On a patch of higher ground that’s completely surrounded by water on all sides just outside Calvert City toward Possum Trot is a family of four for whom flooding is a way of life. Bettina Stevenson, her husband, Robin, and his parents, William and Debbie, are by no means flooding ‘victims’; they reside on a property where Robin’s great-grandparents raised the family that has remained since and the rise and fall of the river is just part of life.

  Stevenson said they’re currently calling the patch of property above ground, “Stevenson Island,” and much of their entertainment comes from watching the critters wandering in and out of the yard, rabbits and deer and birds, some looking for food and some looking for a dry place to rest because their homes are under water. There is enough dry ground around them for a short four-wheeler ride, when they’re able to bear the cold temperatures. But as far as the eye can see is water, even through the thickets in the trees is water, creeping closer to the house and seeping into at least one of their garages, clearly visible from their bedroom window and just 10 ft. from their home.

  Luckily, Stevenson said, Robin had the foresight to lift their home high enough off the ground that even if the river reached the historic 60.6 ft. crest of Feb. 2, 1937, the highest level documented, the water would only reach the door step. Their home is less than a mile from the Tennessee River and Cypress Creek is close by and while both contribute to the water they’re watching rise, Robin said it’s the backwater from the Tennessee River they’re taking on.

  Stevenson and her husband work out of town hauling mail and Amazon packages from Cartersville, Georgia to Seattle, Washington, where they load back up with produce they take back to Cartersville, which is outside Atlanta. She said they typically run about 6,000 miles a week, working for six weeks at a time then coming home to rest for two.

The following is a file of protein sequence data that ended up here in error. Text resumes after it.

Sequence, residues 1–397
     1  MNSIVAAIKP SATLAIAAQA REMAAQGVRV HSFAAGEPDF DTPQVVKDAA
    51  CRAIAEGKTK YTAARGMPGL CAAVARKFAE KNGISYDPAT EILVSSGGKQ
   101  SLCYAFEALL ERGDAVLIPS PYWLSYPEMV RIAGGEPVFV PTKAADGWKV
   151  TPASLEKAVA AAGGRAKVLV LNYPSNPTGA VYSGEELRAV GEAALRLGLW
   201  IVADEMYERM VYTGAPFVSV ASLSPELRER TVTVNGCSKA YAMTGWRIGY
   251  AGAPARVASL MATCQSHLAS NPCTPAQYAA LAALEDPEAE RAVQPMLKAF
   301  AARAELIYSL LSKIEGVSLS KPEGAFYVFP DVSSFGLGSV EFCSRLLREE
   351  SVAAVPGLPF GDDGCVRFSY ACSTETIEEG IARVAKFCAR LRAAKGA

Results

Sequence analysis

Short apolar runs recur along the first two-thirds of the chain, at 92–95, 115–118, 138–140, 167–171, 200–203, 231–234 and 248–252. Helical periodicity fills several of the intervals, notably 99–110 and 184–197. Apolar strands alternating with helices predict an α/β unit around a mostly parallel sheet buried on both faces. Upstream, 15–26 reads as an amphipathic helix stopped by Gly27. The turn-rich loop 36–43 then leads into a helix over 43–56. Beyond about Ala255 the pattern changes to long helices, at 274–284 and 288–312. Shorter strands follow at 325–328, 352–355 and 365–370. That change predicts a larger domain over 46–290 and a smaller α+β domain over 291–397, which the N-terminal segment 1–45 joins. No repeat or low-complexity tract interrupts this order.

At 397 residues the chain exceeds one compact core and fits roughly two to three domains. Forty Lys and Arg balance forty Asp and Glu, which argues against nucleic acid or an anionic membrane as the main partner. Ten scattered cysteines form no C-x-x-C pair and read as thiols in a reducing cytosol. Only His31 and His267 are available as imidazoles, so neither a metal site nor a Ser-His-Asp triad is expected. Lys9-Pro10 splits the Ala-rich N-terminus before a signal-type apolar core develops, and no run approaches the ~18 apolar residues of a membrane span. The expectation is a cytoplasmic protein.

She said Robin, who has lived on the same property his entire life, had been watching the rainfall forecasts and the levels of the rivers and nearby tributaries for about a month. During the last trip they were able to make, he told her they had about a week before they needed to get home. So they returned on Feb. 16 and began moving everything immediately.

  Stevenson said they know when the water level reaches 49 ft., they start taking on water and on Feb. 20 it hit 49.5 ft. Once the water level reaches 53 ft., one of the garages starts taking on water; and when the water exceeds 2.5 ft. over the pavement, they have to transition from the extremely large and heavy tractor to the boats for transportation.

  Preparation is as much a part of their lives as paying bills, she said, stocking food, water, kerosene, diesel fuel, plenty of wood for the stove and other necessary supplies year round. But when the water is on the rise, the Stevensons have a short window of time in which they can clear the garage floors, placing tool boxes and smaller equipment on higher shelves or hanging them from the rafters. They have a friend who allows them to park vehicles, tractors and other equipment in one of his fields that’s safe from flood waters—which they have to move before the water on the roads gets too deep.